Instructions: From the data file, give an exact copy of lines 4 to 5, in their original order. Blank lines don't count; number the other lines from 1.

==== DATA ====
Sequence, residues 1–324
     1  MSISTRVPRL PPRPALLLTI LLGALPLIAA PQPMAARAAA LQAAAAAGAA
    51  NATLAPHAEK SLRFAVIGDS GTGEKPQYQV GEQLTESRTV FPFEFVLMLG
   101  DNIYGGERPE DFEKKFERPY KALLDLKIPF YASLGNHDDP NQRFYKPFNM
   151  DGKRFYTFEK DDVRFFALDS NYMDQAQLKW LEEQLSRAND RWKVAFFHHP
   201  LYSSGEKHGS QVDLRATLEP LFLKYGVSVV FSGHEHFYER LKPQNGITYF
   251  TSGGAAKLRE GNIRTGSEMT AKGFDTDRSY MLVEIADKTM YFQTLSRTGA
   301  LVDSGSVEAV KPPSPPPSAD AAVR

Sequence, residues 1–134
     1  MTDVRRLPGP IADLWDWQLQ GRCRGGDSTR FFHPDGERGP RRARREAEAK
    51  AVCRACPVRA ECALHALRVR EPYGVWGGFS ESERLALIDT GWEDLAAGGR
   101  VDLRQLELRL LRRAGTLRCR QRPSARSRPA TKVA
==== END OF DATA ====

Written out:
   101  DNIYGGERPE DFEKKFERPY KALLDLKIPF YASLGNHDDP NQRFYKPFNM
   151  DGKRFYTFEK DDVRFFALDS NYMDQAQLKW LEEQLSRAND RWKVAFFHHP